Having a Customer Apologize for Receiving Poor Service?
How does a customer go from threatening to call the Better Business Bureau, making negative posts on Facebook and doing whatever she can to defame us, to apologizing an hour later?
I think the short answer is to have the facts on your side.
Even though “perception is often reality,” when push comes to shove, the facts usually win out.
Here are the facts:
A customer brings in a down jacket for cleaning.
The customer notices feather(s?) leaking out upon picking up from cleaners.
Customer blames the dry cleaner.
The cleaner states that this not likely to happen in the cleaning process. But offers full credit for the item if the retailer doesn’t take back.
Fabricare recommends taking it back to the retailer who has a “return if not satisfied” policy.
The Customer’s Reaction
The customer did not like this proposal and as a result left the jacket at the cleaners.
Unbeknownst of the situation, the husband picks up the jacket months later, and brings it home.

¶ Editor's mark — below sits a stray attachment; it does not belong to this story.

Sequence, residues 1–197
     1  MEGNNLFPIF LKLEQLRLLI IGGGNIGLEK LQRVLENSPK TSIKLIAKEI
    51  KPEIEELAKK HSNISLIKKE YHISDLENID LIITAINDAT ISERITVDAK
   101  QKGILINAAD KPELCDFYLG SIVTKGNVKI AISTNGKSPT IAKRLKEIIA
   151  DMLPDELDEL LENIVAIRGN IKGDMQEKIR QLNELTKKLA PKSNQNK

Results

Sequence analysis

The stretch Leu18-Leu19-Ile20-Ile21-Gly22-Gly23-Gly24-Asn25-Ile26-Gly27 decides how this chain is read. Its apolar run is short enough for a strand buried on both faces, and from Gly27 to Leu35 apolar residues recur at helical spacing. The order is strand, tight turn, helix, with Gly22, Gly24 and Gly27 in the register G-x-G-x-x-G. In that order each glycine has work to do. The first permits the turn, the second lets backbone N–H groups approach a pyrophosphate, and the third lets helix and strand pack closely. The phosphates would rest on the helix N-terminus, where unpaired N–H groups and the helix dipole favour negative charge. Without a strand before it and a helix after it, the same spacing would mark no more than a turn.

This aggravates his wife.
So, she returns to the store and goes ballistic on the new employee.
The owner of the cleaning company calls the customer and states that they can no longer do business with her due to her poor behavior despite the cleaner trying to remedy the situation.
To the customer’s credit, she said she was sorry and actually went back to the store to apologize to the employee who was literally in tears after the incident.
The Moral of the Story
Concept: Good customer service requires good customers.
You can’t give a gift to an ungrateful person. It won’t be well received.
It’s the same with service.
Our Customer Service Policy
At Fabricare, any employee can give an unlimited amount of credit to make a customer happy on the spot.
No management approval necessary.
This rule was made to solve problems quickly and empower the employee. It also assumes almost all customers are reasonable – which, typically, they are.
However, sometimes when customers don’t hear what they want, they get frustrated and become unreasonable.
Problems happen in every business in every industry.
Good businesses work to a resolution in a kind compassionate way while understanding the disappointment and feelings of their customers.